From a regulatory standpoint, all RNAV(GPS) approaches are nonprecision. But the only practical effect of that designation is that if you're using an RNAV(GPS) approach as the approach for designating an airport as your filed alternate, it must be forecasting at least 800-2 even if it has an LPV option. You still fly an LPV using precision technique, that is, you follow the glide slope down to the published DA and then begin executing your missed approach when you reach DA regardless of relationship to the missed approach waypoint (RWxx waypoint) which you'd use if you were flying it in LP or LNAV mode. And, of course, just as with any other approach, if you divert to an alternate (filed or not) after missing at your destination, you can fly the approach down to the MDA/DA minimums published for that approach, not just the "600/800-2 or as published" alternate weather requirement. Also, you can use an LPV as your precision approach on an instrument practical test or instrument proficiency check (IPC) if the DH is 300 or less. But even so, it's still legally a nonprecision approach.
LPV approaches are a WAAS/GPS based approach, and they're very similar to the ILS. But there is a difference. Even though LPV approaches have vertical guidance, they're not considered precision approaches. Instead, they're an approach with vertical guidance (APV).
So what's the difference? APV approaches don't meet the ICAO and FAA precision approach definitions, which apply mostly to localizer and glideslope transmitters. The precision approach definition also carries a lot of documentation, definition, and cost with it, so the FAA and ICAO adopted the APV definition, so they could build new approaches and not be burdened with the cost and paperwork.There is a very good explanation with additional detail at this link: https://www.boldmethod.com/learn-to-fly/navigation/what-is-the-difference-between-lpv-and-lnav-vnav-gps-approaches/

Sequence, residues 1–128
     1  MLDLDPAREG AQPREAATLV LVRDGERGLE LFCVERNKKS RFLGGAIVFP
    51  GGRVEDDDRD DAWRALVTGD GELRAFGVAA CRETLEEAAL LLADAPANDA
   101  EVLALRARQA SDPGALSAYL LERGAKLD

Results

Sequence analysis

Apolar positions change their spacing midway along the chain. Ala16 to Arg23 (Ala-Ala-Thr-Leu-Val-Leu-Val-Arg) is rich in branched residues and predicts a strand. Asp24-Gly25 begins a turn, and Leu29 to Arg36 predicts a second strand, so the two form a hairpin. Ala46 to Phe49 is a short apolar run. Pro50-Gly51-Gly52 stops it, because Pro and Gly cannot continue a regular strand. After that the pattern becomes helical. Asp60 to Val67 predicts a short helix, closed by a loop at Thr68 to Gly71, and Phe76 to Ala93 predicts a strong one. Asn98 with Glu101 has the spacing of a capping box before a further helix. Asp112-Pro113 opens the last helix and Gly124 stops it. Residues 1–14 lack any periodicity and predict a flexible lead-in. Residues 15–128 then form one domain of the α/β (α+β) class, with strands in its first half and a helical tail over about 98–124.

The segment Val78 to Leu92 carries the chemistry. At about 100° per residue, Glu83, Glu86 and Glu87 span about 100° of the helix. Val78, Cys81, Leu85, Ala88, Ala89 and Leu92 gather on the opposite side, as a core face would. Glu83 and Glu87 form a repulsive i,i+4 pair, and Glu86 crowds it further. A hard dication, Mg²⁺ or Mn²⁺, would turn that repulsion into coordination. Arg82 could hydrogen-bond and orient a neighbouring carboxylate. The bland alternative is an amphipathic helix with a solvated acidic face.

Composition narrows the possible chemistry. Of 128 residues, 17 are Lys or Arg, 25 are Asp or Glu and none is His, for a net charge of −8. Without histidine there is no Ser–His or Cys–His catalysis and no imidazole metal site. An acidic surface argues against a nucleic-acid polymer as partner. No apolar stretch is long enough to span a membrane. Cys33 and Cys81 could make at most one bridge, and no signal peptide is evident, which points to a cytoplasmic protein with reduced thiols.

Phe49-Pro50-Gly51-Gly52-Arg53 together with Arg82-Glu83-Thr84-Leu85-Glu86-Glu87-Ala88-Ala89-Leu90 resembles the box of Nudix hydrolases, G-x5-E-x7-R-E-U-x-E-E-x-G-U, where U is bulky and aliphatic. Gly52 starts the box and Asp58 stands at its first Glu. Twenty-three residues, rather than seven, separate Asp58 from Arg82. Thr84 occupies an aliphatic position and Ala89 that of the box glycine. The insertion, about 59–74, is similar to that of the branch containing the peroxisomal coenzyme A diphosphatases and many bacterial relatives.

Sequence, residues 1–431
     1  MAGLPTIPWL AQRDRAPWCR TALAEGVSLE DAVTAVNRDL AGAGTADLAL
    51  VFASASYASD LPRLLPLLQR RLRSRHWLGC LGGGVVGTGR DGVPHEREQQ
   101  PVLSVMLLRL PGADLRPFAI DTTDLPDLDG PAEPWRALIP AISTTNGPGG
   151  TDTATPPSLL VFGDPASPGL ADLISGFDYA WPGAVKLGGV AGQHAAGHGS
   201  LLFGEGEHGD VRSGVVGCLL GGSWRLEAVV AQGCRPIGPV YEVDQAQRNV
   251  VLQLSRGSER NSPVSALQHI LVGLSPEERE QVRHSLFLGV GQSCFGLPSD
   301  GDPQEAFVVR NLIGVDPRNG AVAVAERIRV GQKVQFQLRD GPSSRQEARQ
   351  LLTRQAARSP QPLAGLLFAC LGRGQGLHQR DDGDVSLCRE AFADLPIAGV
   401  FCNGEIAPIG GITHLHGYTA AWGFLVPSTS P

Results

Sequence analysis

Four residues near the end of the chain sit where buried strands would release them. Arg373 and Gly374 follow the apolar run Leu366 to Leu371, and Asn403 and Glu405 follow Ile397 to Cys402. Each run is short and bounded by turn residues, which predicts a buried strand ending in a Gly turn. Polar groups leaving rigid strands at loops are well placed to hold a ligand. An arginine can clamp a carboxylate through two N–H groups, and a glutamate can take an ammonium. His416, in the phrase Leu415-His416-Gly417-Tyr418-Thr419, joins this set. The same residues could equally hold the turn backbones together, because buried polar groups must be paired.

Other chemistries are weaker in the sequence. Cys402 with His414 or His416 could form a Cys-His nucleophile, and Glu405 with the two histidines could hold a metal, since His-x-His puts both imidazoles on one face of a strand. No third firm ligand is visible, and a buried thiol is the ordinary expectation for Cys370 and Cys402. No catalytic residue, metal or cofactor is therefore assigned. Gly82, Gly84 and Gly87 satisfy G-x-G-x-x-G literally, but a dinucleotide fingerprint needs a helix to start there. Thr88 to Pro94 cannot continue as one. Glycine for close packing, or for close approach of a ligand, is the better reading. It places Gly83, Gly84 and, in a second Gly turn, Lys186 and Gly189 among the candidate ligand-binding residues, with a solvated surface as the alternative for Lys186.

9. Unlike TSO-C129 avionics, which were certified as a supplement to other means of navigation, WAAS avionics are evaluated without reliance on other navigation systems. As such, installation of WAAS avionics does not require the aircraft to have other equipment appropriate to the route to be flown. (See paragraph 1-1-17 d for more information on equipment requirements.)
- (a) Pilots with WAAS receivers may flight plan to use any instrument approach procedure authorized for use with their WAAS avionics as the planned approach at a required alternate, with the following restrictions. When using WAAS at an alternate airport, flight planning must be based on flying the RNAV (GPS) LNAV or circling minima line, or minima on a GPS approach procedure, or conventional approach procedure with “or GPS” in the title. Code of Federal Regulation (CFR) Part 91 non-precision weather requirements must be used for planning. Upon arrival at an alternate, when the WAAS navigation system indicates that LNAV/VNAV or LPV service is available, then vertical guidance may be used to complete the approach using the displayed level of service.